Dag/day 2: Vesterlyng-Nakkehoved
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Erstellt am 18.05.2020
Gesamtlänge in km
Durchschn. Steigung Aufstieg %
Durchschnittsgeschwindigkeit in km/Std.
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Rechte-Ausprägung / Lizenz
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durch Ottocolor am 18.05.2020
Trackpoint-Dichte per km
Havnsø, Region Zealand, DK (71 m NHN)
Lille Bregnerød, Capital Region of Denmark, DK (17 m NHN)
Morning and early afternoon quite warm (18 to 19°C) and sunny with light westerly winds, however at about 4pm the wind turned to Northwest and increased to a moderate to brisk breeze, it became overcast and temperatures dropped to about 13 to 14°C.
DK-3250 Ll. Bregnerød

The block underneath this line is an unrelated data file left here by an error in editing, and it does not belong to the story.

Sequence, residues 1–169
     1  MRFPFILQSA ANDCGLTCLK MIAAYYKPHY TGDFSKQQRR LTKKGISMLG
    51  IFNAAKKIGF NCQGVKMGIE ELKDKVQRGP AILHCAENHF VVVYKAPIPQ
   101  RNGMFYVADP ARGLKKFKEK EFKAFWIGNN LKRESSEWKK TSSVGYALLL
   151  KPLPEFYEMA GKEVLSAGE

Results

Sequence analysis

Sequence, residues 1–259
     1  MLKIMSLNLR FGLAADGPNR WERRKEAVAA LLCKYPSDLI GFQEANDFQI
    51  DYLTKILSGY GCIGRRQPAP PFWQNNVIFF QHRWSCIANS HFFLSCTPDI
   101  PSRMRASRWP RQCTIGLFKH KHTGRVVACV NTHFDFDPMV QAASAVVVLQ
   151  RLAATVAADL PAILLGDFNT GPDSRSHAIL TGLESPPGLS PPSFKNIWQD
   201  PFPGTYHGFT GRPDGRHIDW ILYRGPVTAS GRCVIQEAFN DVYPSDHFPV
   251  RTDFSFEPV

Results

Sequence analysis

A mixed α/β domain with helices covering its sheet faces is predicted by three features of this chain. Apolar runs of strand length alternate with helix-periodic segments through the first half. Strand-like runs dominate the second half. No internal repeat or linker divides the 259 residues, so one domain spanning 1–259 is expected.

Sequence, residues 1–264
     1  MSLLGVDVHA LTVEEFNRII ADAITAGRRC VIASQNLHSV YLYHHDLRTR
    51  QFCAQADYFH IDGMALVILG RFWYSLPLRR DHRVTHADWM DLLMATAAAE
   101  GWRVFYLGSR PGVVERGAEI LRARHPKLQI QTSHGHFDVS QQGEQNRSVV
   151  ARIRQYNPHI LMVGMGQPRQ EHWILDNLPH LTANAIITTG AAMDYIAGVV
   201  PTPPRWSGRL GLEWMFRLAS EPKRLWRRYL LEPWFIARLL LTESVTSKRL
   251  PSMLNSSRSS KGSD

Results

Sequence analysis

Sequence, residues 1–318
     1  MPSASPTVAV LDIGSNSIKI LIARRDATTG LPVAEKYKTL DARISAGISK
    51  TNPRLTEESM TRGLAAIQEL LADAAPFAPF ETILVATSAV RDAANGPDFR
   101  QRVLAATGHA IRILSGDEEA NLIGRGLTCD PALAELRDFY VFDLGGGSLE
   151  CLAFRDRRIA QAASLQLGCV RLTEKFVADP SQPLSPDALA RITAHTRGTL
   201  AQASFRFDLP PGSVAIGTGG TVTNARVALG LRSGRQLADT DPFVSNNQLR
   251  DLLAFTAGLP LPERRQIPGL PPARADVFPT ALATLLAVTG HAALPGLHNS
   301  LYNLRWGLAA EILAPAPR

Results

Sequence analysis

My night rest had been rather uneasy, for no other reason that it takes a night to get used to lying hard and uncomfortable on a self-inflating mat and resting one's old head not as high and soft as at home. It takes one night and then I sleep well. No exception this time, but at the latest during my morning dip trip in lovely warm sunshine, all discomfort was forgotten. In the motorhomes, they were also awake, but took no notice of me, so I had a skinny dip like I prefer. In fact, I would not need my bathing trunks before the very last evening bath at Naestved marina. Cool! The day looked bright and easy like the previous one, and the wind blew lightly to moderately from the south and west, so it was optimal. Only the weather forecast I had seen at home promised cold and brisk to hard northerly winds later in the day, so with this little treat I ventured on into the Zealand landscape.